There are four laws of kinetic friction:

  1. First law: The force of kinetic friction (Fk) is directly proportional to the normal reaction (N) between two surfaces in contact. Where, μk​ = constant called the coefficient of kinetic Friction.
  2. Second law: Force of kinetic friction is independent of shape and apparent area of the surfaces in contact.
  3. Third law: It depends upon nature and material of surface in contact.
  4. Fourth law: It is independent of the velocity of object in contact provided the relative velocity between the object and the surface is not too large.

Fomula of Kinetic Friction

The coefficient of kinetic friction is denoted by the Greek letter “mu” (μ), with a subscript “k”. The force of kinetic friction is μk times the normal force on a body. It is expressed in Newton (N).

The kinetic friction equation can be written as:

Force of kinetic friction = (coefficient of kinetic friction)(normal force)

Fk = μk ​η

Where,

Fk = force of kinetic friction

μk coefficient of kinetic friction

η = normal force (Greek letter “eta”)

Derivation for the Formula of Kinetic Friction

Let us consider a block of weight mg lying on a horizontal surface as shown in the figure. When a body press against a surface, the surface deforms even if it appears to be rigid. The deformed surface pushes the body with a normal force R that is perpendicular to the surface. This is called normal reaction force. It balances mg that is R = mg.

Now let us consider that a force P is applied on the block as shown. Clearly the body remains at rest because some other force F comes into play in the horizontal direction and opposes the applied force P resulting in net force zero on the body. This force F acting along the surface of the body in contact with the surface of the table is called frictional force.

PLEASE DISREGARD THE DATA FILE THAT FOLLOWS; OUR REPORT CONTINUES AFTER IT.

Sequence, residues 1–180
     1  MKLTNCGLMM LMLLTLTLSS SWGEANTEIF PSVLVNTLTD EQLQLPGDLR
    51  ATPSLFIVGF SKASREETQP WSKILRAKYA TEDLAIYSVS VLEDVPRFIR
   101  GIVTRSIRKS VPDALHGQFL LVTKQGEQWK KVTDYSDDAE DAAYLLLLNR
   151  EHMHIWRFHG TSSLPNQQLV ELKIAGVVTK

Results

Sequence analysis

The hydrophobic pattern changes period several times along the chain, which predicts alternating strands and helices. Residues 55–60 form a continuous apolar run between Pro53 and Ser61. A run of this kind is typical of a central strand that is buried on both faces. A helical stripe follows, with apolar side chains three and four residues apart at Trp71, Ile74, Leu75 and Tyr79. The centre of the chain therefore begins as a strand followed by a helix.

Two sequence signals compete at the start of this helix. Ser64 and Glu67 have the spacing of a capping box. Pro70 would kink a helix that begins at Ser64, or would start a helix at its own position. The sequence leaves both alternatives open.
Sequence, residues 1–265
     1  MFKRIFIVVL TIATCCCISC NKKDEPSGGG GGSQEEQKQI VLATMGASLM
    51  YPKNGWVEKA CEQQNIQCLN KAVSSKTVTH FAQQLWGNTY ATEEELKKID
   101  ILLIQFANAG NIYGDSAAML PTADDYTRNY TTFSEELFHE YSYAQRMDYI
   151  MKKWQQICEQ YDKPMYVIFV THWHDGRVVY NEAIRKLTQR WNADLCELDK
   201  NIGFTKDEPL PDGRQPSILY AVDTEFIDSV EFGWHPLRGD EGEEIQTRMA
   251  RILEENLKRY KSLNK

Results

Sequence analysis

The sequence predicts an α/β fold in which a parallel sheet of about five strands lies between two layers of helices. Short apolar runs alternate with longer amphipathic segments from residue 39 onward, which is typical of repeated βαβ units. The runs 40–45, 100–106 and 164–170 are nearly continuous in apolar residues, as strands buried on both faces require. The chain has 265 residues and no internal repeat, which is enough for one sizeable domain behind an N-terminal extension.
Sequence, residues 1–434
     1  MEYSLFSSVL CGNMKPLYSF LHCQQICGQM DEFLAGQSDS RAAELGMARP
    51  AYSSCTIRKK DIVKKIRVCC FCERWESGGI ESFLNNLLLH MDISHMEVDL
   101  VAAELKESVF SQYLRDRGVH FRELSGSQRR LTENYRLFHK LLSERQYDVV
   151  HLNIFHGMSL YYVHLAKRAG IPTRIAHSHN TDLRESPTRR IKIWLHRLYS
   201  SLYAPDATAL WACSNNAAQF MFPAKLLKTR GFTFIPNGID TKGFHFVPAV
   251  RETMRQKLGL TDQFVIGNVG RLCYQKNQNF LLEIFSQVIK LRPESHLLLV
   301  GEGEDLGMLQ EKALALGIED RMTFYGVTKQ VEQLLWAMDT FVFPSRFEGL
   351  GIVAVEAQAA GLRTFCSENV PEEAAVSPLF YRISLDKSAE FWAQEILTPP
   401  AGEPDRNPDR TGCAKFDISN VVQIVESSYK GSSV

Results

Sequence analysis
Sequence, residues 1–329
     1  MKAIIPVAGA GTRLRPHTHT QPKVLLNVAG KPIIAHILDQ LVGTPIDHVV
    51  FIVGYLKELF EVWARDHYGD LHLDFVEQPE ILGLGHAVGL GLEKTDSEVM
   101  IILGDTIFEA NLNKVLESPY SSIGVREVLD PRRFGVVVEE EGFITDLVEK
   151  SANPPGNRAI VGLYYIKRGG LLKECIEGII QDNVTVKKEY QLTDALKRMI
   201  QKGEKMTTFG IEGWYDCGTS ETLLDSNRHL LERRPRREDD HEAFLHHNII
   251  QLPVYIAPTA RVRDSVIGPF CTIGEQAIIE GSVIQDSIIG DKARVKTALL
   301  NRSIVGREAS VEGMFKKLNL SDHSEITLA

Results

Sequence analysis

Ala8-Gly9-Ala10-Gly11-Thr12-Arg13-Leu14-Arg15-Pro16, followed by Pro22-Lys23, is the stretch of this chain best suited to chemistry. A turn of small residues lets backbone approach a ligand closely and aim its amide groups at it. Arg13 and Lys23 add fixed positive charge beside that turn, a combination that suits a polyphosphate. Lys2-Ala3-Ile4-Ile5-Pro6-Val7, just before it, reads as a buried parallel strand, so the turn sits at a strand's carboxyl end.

So as long as the body doesn’t move F = P. This means that if we increase P, friction F also increases, remaining equal to P always.

As we increase the applied force slightly beyond limiting friction, the actual motion starts. This does not mean that the friction has disappeared. It only means that the force has overcome the limiting friction. This force of friction at this stage is known as Kinetic friction or Dynamic friction.

The Kinetic friction or dynamic friction is the opposing force that comes into play when on body is actually moving over the surface of another body.

Application of Static and Kinetic Friction

Applications of Static Friction

Some real-life examples of static friction are given in the points below:

  • Papers on a table-top
  • A towel hanging on a rack
  • A bookmark in a book
  • A car parked on a hill

Applications of Kinetic Friction

Some real-life examples of kinetic friction are given in the points below.

  • Friction also plays a huge role in everyday occurrences like while rubbing of two objects takes place. The resulting motion converts into heat and thus resulting in the fire in some instances.
  • It is also responsible for wear and tear and that’s why we need oil to lubricate machine parts, as it reduces friction.
  • When two objects are rubbed against each other, the frictional force is converted into thermal energy, in few cases giving rise to fire
  • Kinetic friction is responsible for the wear and tear of machine parts, hence it is important to lubricate the machine parts with oil.

Difference between Static and Kinetic Friction

Static FrictionKinetic Friction